High loss to follow-up (29%) both during treatment and between treatment completion and SVR testing reflect challenges in this population. This loss to follow-up rate for SVR12 testing is similar to a larger sample of current PWID initiating DAA therapy in the Australian REACH-C study network (27%-35%),[28] but lower than reported in other real-world community cohorts in New York and the District of Columbia in the United States.[29–31] Further research and novel interventions are needed to identify effective ways to identify, engage and support clients during and after HCV treatment. Despite the potential individual health benefit of knowledge of treatment outcome, the population-level benefit of rapid DAA scale-up should be balanced against additional resources for contact and linkage to care post-treatment. Extremely high treatment efficacy amongst individuals who complete DAA therapy suggests efforts to optimize treatment completion are a priority, along with strategies to monitor high-risk individuals for HCV reinfection.

This study has several limitations. First, our measurement of adherence relied on the assumption that those clients (n = 30/79, 38%) who attended each week had been adherent for that week. As a result, adherence for these clients is likely overestimated. Conversely, doses while a client was in custody or hospital were only considered as having been taken if this could be confirmed with documentation included in the client's health record for all clients (daily or weekly dosing). Accordingly, adherence measurements for some clients may be lower than the actual adherence if documentation could not be obtained. Indeed, adherence in the self-managed sub-population could not be ascertained reliably to compare with those in the enhanced adherence support sub-population. Furthermore, this study was observational, and therefore, factors associated with enhanced adherence support may be subject to selection bias. Finally, this study was limited in relation to evaluation of the impact of extended therapy on virological outcome as there was no control group. In fact, favourable outcomes in several clients with very early discontinuation could argue against need for therapy extension.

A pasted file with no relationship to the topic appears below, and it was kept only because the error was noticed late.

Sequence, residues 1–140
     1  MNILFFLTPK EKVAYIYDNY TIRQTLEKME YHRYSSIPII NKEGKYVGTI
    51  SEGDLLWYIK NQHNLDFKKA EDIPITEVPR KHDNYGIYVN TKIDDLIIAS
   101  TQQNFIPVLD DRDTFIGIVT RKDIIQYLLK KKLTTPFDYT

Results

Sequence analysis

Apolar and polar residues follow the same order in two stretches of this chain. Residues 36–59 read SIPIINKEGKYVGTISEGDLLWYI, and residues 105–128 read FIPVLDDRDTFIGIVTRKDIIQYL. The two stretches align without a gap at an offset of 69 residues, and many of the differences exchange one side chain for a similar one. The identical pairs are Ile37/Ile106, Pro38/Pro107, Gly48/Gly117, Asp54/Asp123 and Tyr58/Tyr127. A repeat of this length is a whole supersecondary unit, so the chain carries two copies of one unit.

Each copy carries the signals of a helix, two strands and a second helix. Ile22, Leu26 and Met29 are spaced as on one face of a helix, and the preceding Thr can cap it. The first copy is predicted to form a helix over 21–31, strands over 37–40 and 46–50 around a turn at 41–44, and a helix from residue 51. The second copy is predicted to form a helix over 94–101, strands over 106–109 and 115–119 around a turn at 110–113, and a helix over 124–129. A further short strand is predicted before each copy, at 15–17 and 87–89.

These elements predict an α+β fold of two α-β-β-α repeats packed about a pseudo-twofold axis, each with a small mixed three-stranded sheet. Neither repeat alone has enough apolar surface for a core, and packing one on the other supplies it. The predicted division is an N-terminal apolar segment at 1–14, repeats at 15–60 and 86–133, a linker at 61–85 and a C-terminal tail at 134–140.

In summary, we have demonstrated that amongst a highly marginalized population, a majority currently injecting drugs or homeless, there is a role for daily or weekly dosing support to enhance adherence and optimize treatment outcomes. Concerns that this population might have insufficient adherence to treatment to ensure virological cure appear unfounded, but overall adherence does decline over time in treatment. Despite this support, a high proportion of those treated did not test for cure at SVR12, and further efforts are required to understand and intervene in this scenario.

We recommend that individualized adherence support assessment is incorporated into HCV treatment programmes serving similar marginalized populations in order to optimize treatment outcomes and consequent HCV elimination.